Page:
Without her mom around, the house just doesn't feel like home. Gaby's father, who split from her mom a few years back, re-entered the scene when her mom was taken away. He's no longer as happy nor as comforting as Gaby remembers him: now he's always grumpy, and when he's not at work, he's complaining about the people at work. The following line is just one of many that nails Gaby's situation and will break your heart:
Maybe once upon a time he had wanted a daughter, but now he looked at Gaby like she was just another job he wanted to quit. - Page 110
Lucky, Gaby finds solace in her best friend, Alma Gomez, and her family, who warmly and regularly welcome Gaby at their house. Bold, bossy Alma has no problem standing up to girls at school who make fun of Gaby's mom, and Alma's parents help keep Gaby fed and safe after school and on weekends, whenever she needs them.
When her sixth-grade class begins volunteering at the local no-kill animal shelter, Gaby feels an immediate connection to Feather, a fragile little cat who was abandoned by her owners. Gaby considers herself to be a stray, just like Feather, in need of a stable home. She yearns to adopt the striped kitty, and though her mom would have allowed it, she knows her father won't. She becomes the "shelter scribe," writing personalized (purrsonalized!) ads about the cats and dogs that are up for adoption and putting the flyers around town in an effort to find the critters their "forever homes." She also bonds with the vet, Dr. V, whose boisterous spirit fills the shelter and makes it a fun place to be.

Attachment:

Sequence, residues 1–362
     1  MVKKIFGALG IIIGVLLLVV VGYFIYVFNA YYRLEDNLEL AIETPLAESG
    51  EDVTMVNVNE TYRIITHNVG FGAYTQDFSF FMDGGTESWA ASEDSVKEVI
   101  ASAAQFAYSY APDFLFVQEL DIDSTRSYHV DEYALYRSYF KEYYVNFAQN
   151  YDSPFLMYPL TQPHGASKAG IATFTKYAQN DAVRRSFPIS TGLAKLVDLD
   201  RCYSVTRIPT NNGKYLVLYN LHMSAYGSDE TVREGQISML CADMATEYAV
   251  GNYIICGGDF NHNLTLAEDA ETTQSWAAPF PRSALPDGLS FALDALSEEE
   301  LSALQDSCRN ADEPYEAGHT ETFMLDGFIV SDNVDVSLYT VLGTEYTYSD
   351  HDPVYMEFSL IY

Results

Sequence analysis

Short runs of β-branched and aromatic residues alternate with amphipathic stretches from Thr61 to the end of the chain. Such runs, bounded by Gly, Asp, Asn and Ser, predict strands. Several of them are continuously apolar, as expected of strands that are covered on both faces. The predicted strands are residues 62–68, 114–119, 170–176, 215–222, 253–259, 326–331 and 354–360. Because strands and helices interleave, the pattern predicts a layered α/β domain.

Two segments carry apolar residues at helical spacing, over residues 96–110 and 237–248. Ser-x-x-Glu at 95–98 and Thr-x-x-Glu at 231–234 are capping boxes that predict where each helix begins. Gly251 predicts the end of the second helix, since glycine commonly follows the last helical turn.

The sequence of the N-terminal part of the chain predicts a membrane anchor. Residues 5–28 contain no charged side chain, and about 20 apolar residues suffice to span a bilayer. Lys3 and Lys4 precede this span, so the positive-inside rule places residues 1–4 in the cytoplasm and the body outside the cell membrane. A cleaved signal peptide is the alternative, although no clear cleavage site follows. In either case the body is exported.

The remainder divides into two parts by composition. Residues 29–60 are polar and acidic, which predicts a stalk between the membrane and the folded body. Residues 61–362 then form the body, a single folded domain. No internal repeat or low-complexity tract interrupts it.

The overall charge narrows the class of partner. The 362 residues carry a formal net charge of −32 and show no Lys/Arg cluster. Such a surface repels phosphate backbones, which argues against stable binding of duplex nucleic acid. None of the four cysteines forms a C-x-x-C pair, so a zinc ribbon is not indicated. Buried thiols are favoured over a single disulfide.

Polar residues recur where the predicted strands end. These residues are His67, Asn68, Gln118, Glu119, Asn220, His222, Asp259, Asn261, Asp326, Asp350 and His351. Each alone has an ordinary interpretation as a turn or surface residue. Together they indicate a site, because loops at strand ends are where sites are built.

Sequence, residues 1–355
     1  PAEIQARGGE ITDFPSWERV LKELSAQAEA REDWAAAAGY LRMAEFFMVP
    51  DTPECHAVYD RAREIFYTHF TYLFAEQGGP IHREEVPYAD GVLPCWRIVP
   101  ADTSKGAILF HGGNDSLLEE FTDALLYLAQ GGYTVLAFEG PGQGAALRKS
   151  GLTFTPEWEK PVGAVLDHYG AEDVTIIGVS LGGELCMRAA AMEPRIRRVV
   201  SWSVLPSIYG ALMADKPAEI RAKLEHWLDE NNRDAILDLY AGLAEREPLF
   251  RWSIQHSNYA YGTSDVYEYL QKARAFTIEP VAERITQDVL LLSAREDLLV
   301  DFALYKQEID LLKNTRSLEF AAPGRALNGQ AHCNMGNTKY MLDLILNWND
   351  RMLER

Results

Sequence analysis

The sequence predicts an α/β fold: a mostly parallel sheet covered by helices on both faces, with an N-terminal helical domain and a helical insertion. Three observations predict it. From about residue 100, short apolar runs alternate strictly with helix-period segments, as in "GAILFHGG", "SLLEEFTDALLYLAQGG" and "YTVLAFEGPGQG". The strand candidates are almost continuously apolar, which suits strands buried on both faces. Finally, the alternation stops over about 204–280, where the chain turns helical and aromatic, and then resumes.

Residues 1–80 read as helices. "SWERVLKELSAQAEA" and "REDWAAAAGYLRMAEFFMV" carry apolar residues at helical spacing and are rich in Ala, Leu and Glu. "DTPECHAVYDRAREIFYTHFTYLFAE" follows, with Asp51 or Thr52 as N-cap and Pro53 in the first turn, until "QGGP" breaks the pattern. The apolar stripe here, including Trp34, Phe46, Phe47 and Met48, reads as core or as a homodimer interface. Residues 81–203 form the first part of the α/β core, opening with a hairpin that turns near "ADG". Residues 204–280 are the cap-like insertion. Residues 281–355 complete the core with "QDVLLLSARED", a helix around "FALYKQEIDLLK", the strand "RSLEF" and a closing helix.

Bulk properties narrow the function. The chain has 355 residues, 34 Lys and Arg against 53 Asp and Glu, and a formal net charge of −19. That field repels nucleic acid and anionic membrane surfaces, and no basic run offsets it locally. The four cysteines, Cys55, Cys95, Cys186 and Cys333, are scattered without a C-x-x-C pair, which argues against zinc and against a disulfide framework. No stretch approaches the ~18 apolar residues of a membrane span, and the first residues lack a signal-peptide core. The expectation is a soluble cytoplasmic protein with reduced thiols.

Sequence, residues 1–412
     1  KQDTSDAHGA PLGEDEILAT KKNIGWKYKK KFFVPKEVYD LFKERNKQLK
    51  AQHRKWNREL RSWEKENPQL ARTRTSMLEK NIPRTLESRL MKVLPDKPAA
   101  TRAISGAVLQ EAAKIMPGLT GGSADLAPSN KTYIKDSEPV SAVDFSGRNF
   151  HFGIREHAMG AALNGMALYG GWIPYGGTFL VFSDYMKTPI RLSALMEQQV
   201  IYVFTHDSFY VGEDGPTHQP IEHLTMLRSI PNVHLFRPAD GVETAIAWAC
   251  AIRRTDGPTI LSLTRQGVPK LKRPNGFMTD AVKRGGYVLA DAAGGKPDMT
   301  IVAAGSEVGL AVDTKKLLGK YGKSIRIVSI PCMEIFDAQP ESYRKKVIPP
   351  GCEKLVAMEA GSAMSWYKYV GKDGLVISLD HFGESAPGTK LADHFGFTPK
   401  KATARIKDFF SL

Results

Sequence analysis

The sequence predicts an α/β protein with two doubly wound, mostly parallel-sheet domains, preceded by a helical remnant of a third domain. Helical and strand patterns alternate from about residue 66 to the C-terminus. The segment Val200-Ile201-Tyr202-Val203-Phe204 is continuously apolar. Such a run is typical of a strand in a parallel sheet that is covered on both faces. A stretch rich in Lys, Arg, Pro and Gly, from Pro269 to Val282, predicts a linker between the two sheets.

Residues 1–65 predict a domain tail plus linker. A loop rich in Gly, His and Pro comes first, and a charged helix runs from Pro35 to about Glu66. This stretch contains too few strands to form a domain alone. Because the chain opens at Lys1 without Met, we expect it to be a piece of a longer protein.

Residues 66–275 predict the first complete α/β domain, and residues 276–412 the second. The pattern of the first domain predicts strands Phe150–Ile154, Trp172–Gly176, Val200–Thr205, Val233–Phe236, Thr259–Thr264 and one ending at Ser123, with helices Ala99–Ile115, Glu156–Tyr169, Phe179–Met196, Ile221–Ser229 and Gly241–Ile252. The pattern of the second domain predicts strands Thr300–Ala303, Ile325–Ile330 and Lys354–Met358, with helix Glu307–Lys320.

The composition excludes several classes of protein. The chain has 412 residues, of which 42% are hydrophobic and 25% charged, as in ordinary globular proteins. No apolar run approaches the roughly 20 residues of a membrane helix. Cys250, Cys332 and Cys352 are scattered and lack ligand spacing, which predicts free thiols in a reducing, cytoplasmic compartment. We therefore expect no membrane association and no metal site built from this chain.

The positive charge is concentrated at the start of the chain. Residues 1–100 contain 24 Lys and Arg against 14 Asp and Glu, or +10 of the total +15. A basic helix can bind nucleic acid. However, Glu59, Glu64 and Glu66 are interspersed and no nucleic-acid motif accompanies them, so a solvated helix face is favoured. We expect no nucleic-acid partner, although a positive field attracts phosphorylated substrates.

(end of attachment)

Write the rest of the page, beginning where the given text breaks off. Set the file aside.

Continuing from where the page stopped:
When something not-so-good happens and Gaby has the opportunity to take Feather, how can she resist? And will Gaby's mom ever make it back home?
Gaby, Lost and Found by Angela Cervantes will tug at your heartstrings. The writing is simply honest, especially in scenes with Gaby, Alma, and their friends, or moments when Gaby's trying to figure out what she should do. The plot will appeal to kids, and the steady pacing will keep them reading. Give it to future veterinarians and humanitarians, and don't be afraid to let it start a conversation about immigration as well as different kinds of jobs and different family situations. It's important that kids see themselves in stories, be they books, TV shows, movies, or songs. It's also important that kids whose families are more fortunate than Gaby's learn to appreciate what they have and respect that not all households may be like theirs. Additionally, I hope the story will encourage kids to seek out volunteer opportunities in their community, to report bullying in their schools, and to accept responsibility for their actions. Recommended for ages 8 and up.
A few lines that draw clear parallels between the protagonist and the strays:
"Feather is a strong cat to have survived on her own for as long as she did, but she's still fragile." - Dr. V, page 149
"Cats this young shouldn't be separated from their mom." - Mrs. Gomez, page 164
- and the reason why Gaby's mom, and now Gaby, always keeps a saucer on the front porch:
"It's easy para ti to scare them off, but I've been that cat," [Gaby's mom] said. "I know how it feels to be the one looking for food and a safe place." - page 9
Also, Gaby rescues a cat in the opening scene. Blake Snyder would approve.
If you like this book, you should also check out my booklist entitled Cats Cats Cats as well as my Tough Issues for Teens booklist.